Is Volunteering Really Worth Our Time?

By Ben Mason
Elm Alumni Writer

Volunteering doesn’t pay, and it’s not that beneficial for society as whole, either. So why do so many people volunteer? Why do so many people place so much importance on volunteering? Because it makes them feel good. Why else? People respond to incentives, and volunteering provides what some economists call a “fuzzy glow” feeling. Thus the term “fuzzy glow altruism” was coined.

Now I’m not against people volunteering their time to wash dogs at the pound or feed the homeless; who could be? I just wish people could own up to the fact that they volunteer to benefit themselves, not others. Sure, it can be said that regardless of the reason people donate money to charities or donate their time for, the job gets done. Well, I’m sure something gets done, but it’s debatable as to whether or not volunteerism and so called civic engagement is really the best way to go about fixing societies problems.

For example, hunger, homelessness and packs of wild mutts roaming the land are serious issues in America today. However, I believe that they are systemic failures that cannot simply be volunteered away. No matter how many hours a church group pours into feeding hungry citizens, they can’t stop people from being born into homelessness, or becoming homeless for other reasons. What could give a mass amount of people what they need to sustain themselves and live in homes? Jobs, available housing, and stable food prices, of course, are the answer. Short of building the homes, growing the food, and hiring the workers all on their own, how are volunteers supposed to make any impact on the macro level?

Volunteers would do more good if they stopped wasting their time at local “fuzzy glow” depots and started talking to the people who run this country. As we all (should) know, lobbyists control our nation. Idealists and altruists alike, then, have two options to choose from. If they really want to see a change made to the way our country functions, they must either become politicians or lobbyists for their causes. The only reason farming is profitable in our country, even in the face of our obvious comparative disadvantage (relative to countries like Brazil), is due to the lobbyists who influence Washington for King Corn. Why does a passenger vehicle exist that only gets 12 mpg? Because lobbyists for Big Auto companies like GM, Dodge, and Ford fought to keep the gasoline tax in this country low. Cheap gas makes it possible to afford a gas guzzler, keeping demand for such aberrations high enough that the claim can be made that Americans still want to buy American cars.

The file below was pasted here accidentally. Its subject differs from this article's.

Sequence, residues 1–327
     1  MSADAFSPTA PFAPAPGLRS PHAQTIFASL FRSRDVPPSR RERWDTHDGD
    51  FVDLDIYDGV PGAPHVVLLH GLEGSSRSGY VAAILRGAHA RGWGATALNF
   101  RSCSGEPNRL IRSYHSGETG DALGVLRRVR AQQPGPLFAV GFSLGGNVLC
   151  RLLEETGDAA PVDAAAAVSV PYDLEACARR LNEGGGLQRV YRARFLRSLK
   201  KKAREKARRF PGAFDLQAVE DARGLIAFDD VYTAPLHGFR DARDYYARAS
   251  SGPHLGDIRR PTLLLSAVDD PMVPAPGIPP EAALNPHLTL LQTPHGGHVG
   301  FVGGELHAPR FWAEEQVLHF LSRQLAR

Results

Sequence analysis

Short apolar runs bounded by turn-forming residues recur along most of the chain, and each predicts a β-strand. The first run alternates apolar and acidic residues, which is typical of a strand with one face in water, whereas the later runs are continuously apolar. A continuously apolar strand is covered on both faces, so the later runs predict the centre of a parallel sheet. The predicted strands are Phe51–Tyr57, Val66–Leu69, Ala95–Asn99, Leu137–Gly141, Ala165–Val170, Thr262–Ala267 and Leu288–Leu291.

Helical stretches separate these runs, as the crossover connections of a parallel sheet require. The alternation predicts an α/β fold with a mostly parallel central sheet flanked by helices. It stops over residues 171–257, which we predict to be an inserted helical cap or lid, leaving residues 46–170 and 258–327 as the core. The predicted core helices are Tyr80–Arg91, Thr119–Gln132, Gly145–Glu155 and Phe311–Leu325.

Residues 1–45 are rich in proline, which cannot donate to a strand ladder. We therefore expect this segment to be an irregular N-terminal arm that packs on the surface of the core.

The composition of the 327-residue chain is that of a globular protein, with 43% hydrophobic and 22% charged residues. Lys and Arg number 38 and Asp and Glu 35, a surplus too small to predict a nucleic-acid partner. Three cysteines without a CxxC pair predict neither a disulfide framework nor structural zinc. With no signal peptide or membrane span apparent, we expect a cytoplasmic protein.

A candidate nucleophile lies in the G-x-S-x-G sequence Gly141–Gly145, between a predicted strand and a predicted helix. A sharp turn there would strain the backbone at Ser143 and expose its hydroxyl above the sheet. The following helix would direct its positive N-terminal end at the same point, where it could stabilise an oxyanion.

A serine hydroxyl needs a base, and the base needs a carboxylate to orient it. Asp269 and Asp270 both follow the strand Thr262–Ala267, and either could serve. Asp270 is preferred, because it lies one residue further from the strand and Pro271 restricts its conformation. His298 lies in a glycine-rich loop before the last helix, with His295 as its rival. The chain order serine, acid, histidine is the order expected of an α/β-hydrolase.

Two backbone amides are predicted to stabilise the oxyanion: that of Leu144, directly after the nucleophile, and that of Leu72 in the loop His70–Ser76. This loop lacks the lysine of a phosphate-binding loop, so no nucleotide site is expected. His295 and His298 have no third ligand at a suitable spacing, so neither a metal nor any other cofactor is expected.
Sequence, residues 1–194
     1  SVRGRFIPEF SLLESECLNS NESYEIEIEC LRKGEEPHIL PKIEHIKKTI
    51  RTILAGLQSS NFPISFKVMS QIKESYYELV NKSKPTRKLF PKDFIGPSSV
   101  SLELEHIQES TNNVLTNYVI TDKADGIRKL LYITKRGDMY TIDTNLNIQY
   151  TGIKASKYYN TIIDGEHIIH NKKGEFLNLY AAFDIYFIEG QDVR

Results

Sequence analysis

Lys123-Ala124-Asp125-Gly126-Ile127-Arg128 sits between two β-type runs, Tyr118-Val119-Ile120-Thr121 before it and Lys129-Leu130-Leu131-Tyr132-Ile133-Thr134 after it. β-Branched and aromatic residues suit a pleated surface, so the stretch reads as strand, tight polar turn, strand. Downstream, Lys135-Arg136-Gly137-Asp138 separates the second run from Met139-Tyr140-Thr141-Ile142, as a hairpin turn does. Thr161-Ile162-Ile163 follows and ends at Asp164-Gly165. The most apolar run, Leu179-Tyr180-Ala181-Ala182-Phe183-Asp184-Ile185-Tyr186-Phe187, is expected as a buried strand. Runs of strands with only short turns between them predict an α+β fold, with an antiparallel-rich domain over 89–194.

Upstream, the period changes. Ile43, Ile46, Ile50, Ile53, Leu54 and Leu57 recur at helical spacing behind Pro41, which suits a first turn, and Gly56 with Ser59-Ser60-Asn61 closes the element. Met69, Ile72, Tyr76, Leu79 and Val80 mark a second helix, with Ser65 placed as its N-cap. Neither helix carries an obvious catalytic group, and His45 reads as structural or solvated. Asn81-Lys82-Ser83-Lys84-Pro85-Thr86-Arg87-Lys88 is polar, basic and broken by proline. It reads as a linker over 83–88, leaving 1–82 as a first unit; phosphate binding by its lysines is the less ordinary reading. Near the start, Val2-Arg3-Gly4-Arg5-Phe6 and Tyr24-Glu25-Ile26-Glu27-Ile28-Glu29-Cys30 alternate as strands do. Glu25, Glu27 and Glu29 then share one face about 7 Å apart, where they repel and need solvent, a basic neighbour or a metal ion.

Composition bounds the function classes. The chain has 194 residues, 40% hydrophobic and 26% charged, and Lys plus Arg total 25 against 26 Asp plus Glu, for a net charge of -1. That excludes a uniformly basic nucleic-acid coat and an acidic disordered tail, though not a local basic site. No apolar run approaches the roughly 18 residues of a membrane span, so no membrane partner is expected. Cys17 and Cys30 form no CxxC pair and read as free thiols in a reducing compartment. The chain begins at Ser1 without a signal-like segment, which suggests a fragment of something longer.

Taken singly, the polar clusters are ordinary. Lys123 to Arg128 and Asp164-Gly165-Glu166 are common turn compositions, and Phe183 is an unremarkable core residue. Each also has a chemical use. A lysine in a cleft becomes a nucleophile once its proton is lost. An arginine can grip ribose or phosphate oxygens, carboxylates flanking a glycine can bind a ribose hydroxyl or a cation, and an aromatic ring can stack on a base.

If you want more safety nets for the homeless, or health care and education for those still living in the Appalachian Mountains, you’re going to have to make an influential person care about your cause as well. Until then, give up all the spring break days you want; you’re just covering holes in a dike with sponges. Sure, volunteering your time to clean a beach or highway will keep a few ducks and turtles from getting strangled by the plastic from a six-pack, but while you’re sweating in the heat or freezing in the cold, people all over America are drinking from cans and throwing their waste in to feeder streams and back alleys. If you’re not concerned with the overall picture, and find my rant a little too cynical for your taste, at least admit that making other people happy makes you happy, and like a rat on crack cocaine you keep coming back for the high.

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